Losing God

I’ve lived and been a Christian long enough to notice a disturbing pattern. And while I see it in my own life, I can see that it’s a pattern that is widespread, and not confined to my own…idiosyncrasies. I’ve noticed that every time I have a significant experience with God, overcoming some area that I’ve struggled with, a breakthrough, some would call it, I get extremely lazy in my prayer and bible study. This, after I’ve devoted prayer and time to seeking God for some period of time, and I practically run back to a self-centered lifestyle, and lose what God has done in and for me.

It’s a curious occurrence. Jesus said that when a spirit leaves a man, it wanders about, then returns, finding the house clean, and bring seven other spirits with it to reoccupy the house. I’m paraphrasing of course, but it seems to me this is a very strong warning against just such activity, and maybe an explanation of why it is so difficult to keep ourselves deeply committed shortly after God has done a work in our life.

My question, really, is why? I should be (and generally am) ecstatic about having an experience with THE God. It’s an honor above all others. So why do I want to just “rest” from prayer, and indulge my flesh afterwards? Should my flesh not be much more subjected to the Spirit after such an experience than before? Thankfully, recently, as God helped me see his will in a very trying situation, I noticed myself the very next day being drawn into this temptation, and was able to observe my reactions to the seduction of lethargy, and to seek God to contain its effects in my life. I believe I also realized how, and why this is an issue for us who are earnestly seeking God in our…most of the time, at least.

sowerJesus said, in the parable of the sower, (Mark 4, I suggest you read the whole thing, as I will only quote two verses) that some seed falls on thorny ground, some on stony, and some on the road. I think that this probably falls under the “thorny” category.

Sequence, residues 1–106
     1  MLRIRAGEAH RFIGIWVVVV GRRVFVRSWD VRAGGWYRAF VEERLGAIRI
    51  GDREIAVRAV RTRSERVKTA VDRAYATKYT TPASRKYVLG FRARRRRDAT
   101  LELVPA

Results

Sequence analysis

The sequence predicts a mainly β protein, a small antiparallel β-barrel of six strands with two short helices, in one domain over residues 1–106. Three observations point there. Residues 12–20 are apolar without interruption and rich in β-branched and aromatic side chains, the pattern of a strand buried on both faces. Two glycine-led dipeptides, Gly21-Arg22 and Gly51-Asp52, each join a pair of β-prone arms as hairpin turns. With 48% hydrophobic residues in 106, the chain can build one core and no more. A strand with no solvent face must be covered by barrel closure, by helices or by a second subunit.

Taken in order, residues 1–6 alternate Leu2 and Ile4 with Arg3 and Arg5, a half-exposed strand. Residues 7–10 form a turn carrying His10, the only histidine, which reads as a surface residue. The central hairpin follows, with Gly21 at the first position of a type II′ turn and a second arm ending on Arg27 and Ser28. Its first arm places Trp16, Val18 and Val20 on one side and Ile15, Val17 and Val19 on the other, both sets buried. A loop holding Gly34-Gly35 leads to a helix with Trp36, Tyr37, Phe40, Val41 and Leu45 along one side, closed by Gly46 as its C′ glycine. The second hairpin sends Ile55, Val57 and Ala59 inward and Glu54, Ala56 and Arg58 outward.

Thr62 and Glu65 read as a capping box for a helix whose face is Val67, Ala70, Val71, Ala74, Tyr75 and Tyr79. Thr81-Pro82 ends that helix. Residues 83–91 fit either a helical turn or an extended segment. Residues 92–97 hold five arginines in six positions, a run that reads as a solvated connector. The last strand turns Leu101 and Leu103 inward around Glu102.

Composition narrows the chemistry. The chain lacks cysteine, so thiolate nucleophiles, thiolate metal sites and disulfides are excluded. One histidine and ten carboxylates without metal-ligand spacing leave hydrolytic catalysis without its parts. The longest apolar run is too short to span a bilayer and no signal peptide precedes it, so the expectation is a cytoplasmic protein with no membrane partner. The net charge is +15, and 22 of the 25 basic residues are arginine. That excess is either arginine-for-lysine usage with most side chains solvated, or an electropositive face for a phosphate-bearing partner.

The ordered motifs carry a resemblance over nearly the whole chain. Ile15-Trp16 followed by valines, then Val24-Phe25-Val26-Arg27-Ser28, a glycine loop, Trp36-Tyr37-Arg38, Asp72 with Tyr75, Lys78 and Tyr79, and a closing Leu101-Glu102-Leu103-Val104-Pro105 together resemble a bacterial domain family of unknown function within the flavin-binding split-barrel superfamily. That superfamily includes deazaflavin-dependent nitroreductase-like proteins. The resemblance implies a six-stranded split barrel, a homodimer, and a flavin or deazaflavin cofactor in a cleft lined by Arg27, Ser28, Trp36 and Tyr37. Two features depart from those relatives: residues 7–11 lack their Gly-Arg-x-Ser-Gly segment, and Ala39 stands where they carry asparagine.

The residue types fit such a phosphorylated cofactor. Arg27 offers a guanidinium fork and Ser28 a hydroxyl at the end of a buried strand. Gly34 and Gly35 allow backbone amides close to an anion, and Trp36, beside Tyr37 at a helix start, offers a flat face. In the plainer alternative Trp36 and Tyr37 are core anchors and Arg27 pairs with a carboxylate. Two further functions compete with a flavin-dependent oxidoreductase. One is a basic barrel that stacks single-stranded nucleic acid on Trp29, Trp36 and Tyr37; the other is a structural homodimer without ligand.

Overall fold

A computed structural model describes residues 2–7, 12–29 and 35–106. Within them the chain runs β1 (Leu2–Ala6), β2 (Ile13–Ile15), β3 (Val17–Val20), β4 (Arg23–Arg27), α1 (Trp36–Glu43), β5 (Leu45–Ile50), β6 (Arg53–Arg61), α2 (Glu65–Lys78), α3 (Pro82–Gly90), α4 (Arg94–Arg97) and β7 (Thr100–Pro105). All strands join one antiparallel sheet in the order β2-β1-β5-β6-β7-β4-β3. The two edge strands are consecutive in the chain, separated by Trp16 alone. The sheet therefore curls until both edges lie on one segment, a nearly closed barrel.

“And these are they which are sown among thorns; such as hear the word, And the cares of this world, and the deceitfulness of riches, and the lusts of other things entering in, choke the word, and it becometh unfruitful.” Mark 4:19

It would seem that, if we receive our word, whether it be the initial revelation of saving knowledge of Jesus, or perhaps any word, deliverance, or instruction we receive from God for our lives, if we allow thorns to stay in the same ground, it will choke out God’s work, and make it unfruitful. This certainly differentiates from the seed on stony ground, or on the road, which died, leaving the person in the original desolate sinful state they began in. This is a condition of receiving what you want or need from God, and then keeping the other cares of the world, fleshly appetites, worries, the scheming for money, etc, which take up so much room in our lives that it makes that work of God unfruitful. Seeing this makes me truly understand the words of Paul: “O wretched man that I am! Who shall deliver me from the body of this death?” (Romans 7:24) But the death in this body, that renders the miraculous delivering power of God unfruitful, is present because of my obstinacy in wholly surrendering my life to God. The fact is, I enjoy many things in life that offer zero spiritual benefits. There are shows on TV that I enjoy so much, that I overlook sometimes overtly anti-christian, even occultic themes to watch them. On top of that, who can totally ignore the deceitfulness of riches? Money makes this world go round, so the world says, and without it, we can’t survive. It’s very difficult to not seek it as the deer seeks after water. However, it’s with that fervency that we’re instructed to seek God. The desires of decadence, entertainment, and fleshly pleasure are contrary to God.

Don’t get me wrong, I believe that many times when God blesses us, it is temporally as well as spiritually . . . but if that is what we are seeking after, even that blessing will end up unfruitful. Let us then all take the warning to seek after God’s holiness, to seek to purify our lives of all that is worldly and unGodly, and therefore not allow our experiences, blessings, and gifts from God to be made unfruitful and useless.

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